That should make us squirm, because we have to understand that as long as there is oppression, disregard for anyone, old or young, as long as there are laws that ensure only the powerful get ahead, as long as Godâs people are at enmity with Godâs people, weâre a part of that. We share in the life and behavior of all Godâs people.
This all sounds pretty negative â bordering on desperate perhaps. So whereâs the good news? Is there good news?
I think so. But we may need to turn off our TVs and put down our newspapers so we can better focus on the good that is in our âworld,â our âoperating system.â
There are innumerable good things being done by people in our country, in our church â there are good that each of us do. When James says, âWho is wise and understanding among you? Show by your good life that your works are done with gentleness born of wisdomâ â that says to us that he knows there are those who are wise and understanding among his hearers. We know the same about ourselves.
The connection of gentleness and peace and mercy with wisdom is lovely. Elizabeth Johnson, a Roman Catholic theologian, writes:
âThe world as a whole is shaped by Wisdomâs guidance. â¦ This ordering is a righteous one, inimical to exploitation and oppression. Sophia hates the ways of arrogance and evil but works to establish just governance on the earth.â
Like James, she talks about an orderliness in the world. She reminds us that Sophia (âWisdomâ) works to establish justice and righteousness.
Wisdom is a fascinating image. We use it to talk about the nature of God, we use it to describe the gift of understanding that we seek from God. Wisdom is personified as the most hospitable of women. Elizabeth Johnson describes this feminine aspect of wisdom:
âThe female figure of Wisdom is the most acutely developed personification of Godâs presence and activity in the Hebrew scriptures. ... The biblical portrait of Wisdom is consistently female, casting her as sister, mother, female beloved, chef and hostess, teacher, preacher, maker of justice, and a host of other womenâs roles.â
Women canât leave the doing of justice and the spreading of the Good News to men, and vice versa. Weâre all expected to share that work. So there is good news in todayâs readings.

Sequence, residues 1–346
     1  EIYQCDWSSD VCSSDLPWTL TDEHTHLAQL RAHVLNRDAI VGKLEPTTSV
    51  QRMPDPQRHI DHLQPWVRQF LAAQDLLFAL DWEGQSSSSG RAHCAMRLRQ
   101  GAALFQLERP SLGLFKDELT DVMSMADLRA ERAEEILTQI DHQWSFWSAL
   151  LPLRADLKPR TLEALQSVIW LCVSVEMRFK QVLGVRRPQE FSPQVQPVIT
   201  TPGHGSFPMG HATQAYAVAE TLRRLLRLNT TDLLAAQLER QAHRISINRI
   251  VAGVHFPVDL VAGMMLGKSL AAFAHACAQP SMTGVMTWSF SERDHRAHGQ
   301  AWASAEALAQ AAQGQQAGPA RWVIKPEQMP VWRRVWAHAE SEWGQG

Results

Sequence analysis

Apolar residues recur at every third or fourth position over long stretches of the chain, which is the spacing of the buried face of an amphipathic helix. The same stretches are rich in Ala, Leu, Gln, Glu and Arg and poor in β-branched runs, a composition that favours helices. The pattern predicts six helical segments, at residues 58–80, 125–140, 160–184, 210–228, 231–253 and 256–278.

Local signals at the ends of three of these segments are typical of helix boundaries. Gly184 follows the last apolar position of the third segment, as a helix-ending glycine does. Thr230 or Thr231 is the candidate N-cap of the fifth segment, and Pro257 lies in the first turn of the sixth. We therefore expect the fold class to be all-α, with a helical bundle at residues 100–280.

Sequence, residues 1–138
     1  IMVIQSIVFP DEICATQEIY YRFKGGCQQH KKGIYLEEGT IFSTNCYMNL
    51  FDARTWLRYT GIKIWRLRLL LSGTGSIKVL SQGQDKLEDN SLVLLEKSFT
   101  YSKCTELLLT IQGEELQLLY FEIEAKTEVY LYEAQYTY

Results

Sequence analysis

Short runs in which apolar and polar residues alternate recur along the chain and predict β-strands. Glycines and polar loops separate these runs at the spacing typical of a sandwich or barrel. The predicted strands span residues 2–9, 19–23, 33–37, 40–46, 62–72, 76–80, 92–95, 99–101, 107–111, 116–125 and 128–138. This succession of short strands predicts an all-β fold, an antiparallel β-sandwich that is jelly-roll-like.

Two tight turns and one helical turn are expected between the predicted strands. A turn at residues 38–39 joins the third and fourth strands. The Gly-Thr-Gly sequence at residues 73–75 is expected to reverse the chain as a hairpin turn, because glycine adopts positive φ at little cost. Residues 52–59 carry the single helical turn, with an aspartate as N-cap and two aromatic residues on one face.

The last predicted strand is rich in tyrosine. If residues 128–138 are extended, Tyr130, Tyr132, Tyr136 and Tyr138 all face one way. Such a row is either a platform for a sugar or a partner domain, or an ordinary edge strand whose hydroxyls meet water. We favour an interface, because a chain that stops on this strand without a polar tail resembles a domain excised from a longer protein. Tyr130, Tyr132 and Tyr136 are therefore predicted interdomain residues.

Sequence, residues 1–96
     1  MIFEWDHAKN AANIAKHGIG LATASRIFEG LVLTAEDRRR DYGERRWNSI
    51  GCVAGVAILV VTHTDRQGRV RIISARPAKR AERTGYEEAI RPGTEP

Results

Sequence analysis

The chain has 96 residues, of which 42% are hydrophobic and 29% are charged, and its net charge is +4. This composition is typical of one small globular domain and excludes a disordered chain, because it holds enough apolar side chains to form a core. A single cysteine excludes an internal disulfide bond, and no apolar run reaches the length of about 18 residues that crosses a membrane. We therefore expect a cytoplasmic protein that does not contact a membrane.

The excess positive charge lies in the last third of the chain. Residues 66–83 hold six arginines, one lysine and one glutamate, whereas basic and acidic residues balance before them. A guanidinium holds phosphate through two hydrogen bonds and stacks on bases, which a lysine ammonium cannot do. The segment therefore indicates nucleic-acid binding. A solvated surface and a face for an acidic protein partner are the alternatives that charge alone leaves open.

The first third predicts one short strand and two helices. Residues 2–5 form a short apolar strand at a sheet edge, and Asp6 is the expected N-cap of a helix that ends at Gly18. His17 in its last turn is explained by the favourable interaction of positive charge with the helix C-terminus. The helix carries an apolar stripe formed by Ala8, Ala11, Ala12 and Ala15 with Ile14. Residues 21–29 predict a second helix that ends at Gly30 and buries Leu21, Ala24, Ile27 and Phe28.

And of course, we only read one small bit of Wisdom this morning. If weâd read just a few more verses, we would have come to that most beautiful passage thatâs often read at funerals:
âThe souls of the righteous are in the hand of God, and no torment will ever touch them. In the eyes of the foolish they seemed to have died, and their departure was thought to be a disaster, and their going from us to be their destruction; but they are at peace â their hope is full of immortality.â
That speaks of the dead, but it also speaks of us who still live in this world, especially if we believe in the communion of the saints as we say we do in the Creed. All of us â those who have gone before us and those of us still here â are connected. Weâre all kin, all a part of the people of God.
So, to play with this passage a little: âAll those who are righteous are in the hand of God. In the eyes of the foolish, the righteous may seem to be weak, to be useless; but they have peace. They have hope, and that hope is full of the promise of immortality.â
And isnât that Godâs promise? Isnât that what we hope for finally, for union with God? We can experience that here as well as in the hereafter, and part of our ministry is to make sure that we welcome all our brothers and sisters on that journey.
These readings give us a lot to think about. This is just a start, and thereâs good news all though it. Because even when weâre brought up short and challenged about how weâre living, and even when weâre at our most unlovable, thereâs always the promise of Godâs love for us.
Several chapters later in Wisdom we read: âBut you, our God, are kind and true, patient, and ruling all things in mercy. For even if we sin we are yours.â
Thanks be to God!